In its final grand zoning gesture, the Bloomberg administration is racing to rezone Midtown East, paving the way for what could be a wave of huge, skyline defining towers. But in an essay in this weekend’s Wall Street Journal, Richard Florida seems to warn that that could be the wrong approach for New York, as it has been the case in other hyper-dense cities.
In the hyper-crowded skyscraper districts of Shanghai, densities can approach 125,000 people per square mile. Giant buildings often function as vertical suburbs, muting the spontaneous encounters that provide cities with so much of their social, intellectual and commercial energy. People live their lives indoors in such places, wearing paths between their offices and the food courts, always seeing the same people.
In terms of innovation and creative impetus, Shanghai pales in comparison to New York, London, Paris and Milan, not to mention high-tech hubs like Silicon Valley, the Bay Area, Seattle, Boston, Austin and North Carolina’s research triangle, all of which have much lower densities.
He goes on to explain that it is the “Jacobs Density,” named for—yep—Jane Jacobs, that makes these places successful. Not just a lot of people, but a lot of people interacting (notice Dallas and Phoenix, two of our biggest cities, don’t make the cut).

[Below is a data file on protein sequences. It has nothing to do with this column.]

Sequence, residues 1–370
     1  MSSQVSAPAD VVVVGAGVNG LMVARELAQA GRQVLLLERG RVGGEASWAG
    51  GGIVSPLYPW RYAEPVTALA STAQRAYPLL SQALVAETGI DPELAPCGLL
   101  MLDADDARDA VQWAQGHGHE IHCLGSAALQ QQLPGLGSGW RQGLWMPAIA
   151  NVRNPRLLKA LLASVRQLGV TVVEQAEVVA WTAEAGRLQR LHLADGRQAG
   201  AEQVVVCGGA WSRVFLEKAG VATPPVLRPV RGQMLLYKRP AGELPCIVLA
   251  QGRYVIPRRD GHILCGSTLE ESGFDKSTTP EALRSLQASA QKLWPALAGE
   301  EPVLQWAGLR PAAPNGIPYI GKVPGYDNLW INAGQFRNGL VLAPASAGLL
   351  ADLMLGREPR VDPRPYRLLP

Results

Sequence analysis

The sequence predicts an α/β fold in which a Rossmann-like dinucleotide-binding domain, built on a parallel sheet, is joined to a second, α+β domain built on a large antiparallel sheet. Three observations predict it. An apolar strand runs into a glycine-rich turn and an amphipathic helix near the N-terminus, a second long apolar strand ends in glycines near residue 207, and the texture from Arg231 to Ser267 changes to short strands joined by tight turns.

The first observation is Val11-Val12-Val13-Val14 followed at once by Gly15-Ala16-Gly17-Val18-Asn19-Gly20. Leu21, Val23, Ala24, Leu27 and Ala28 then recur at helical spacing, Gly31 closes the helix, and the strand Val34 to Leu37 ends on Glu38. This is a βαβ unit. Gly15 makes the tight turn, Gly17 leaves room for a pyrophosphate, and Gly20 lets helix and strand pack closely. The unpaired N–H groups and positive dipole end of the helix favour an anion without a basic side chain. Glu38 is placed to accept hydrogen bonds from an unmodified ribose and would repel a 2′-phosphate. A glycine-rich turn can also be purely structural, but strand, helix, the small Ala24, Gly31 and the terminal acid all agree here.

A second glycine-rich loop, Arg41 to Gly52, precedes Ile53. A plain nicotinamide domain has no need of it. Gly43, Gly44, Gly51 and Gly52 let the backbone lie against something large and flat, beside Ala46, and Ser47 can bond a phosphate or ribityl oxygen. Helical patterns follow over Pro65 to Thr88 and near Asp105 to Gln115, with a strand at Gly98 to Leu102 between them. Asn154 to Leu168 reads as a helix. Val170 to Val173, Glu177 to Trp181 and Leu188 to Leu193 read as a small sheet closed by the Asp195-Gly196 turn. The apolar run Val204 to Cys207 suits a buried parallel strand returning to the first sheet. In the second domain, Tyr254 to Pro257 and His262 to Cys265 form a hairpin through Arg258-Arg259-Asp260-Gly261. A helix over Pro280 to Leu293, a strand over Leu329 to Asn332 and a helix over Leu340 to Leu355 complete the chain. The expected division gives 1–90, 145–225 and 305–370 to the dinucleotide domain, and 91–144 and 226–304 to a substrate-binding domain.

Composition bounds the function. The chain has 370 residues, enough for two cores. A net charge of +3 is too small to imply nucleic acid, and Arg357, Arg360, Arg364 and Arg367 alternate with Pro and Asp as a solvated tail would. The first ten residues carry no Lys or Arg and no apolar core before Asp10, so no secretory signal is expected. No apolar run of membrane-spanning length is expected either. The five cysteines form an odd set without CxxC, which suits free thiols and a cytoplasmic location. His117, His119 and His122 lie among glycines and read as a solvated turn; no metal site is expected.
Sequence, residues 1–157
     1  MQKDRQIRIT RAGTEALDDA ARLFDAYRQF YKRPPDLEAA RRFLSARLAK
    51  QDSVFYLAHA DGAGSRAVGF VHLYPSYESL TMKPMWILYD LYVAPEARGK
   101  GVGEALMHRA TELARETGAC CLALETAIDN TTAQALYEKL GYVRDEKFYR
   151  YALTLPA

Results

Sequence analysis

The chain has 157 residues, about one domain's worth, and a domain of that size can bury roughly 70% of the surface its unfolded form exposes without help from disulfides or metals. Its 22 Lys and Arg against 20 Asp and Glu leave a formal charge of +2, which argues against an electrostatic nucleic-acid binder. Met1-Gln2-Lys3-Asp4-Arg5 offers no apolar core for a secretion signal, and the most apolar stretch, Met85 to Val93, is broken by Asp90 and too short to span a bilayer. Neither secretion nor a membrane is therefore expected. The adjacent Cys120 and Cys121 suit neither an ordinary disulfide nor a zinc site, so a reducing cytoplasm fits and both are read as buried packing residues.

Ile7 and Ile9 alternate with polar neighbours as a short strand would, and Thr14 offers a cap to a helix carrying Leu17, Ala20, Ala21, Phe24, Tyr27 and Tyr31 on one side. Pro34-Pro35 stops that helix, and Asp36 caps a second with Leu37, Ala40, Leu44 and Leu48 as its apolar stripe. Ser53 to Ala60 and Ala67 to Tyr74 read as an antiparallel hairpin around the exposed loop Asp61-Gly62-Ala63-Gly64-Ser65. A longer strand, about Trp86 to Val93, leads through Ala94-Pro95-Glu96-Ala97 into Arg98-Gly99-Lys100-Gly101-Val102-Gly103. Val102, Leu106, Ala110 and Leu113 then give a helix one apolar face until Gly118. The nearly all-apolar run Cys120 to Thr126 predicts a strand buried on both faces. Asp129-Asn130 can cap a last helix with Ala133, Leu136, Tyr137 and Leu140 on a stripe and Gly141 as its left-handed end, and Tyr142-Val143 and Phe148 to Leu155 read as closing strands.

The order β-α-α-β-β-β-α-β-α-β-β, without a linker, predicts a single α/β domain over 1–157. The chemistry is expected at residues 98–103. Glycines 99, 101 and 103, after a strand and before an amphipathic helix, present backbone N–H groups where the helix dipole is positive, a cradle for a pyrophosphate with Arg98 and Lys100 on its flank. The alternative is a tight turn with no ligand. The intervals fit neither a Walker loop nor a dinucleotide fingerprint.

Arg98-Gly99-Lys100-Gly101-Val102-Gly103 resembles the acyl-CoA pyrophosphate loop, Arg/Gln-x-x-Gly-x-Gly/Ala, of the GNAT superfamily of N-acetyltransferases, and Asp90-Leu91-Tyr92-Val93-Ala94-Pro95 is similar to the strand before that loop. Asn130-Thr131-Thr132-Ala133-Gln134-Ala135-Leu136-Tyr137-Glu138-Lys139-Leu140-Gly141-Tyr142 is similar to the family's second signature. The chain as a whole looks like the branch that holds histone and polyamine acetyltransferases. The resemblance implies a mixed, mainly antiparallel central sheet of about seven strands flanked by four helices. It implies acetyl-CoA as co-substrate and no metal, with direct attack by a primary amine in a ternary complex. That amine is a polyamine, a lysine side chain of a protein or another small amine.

And even within our well-balanced cities, where does the real magic happen?
Look at New York City. Its hubs of innovation aren’t the great skyscraper districts that house established corporate and financial headquarters, media empires and wealthy people (an increasing number of whom are part-time residents who hail from the ranks of the global super-rich). The city’s recent high-tech boom—500 start-ups in the last half decade, among them Kickstarter and Tumblr—is anchored in mid-rise, mixed-use neighborhoods like the Flatiron District, Midtown South, Chelsea and TriBeCa.
Not to mention Brooklyn.
This may not be entirely fair to the office rats clamoring around Midtown and Downtown because many of them do wind up in the Village, Chelsea and Park Slope after hours, relaxing, rejuvenated, sharing ideas. The Garment District, Times Square, the museums and non-profits uptown, all are home to smart people living ontop of one another.
And if anything, the administration wants to use the bigger buildings to help fund improvements to the streetscape in Midtown, from wider subway platforms to the new plans for Vanderbilt Avenue becoming a grand pedestrian mall. Just so long as we do not wind up with a string of Zuccotti Parks, everything just might work out.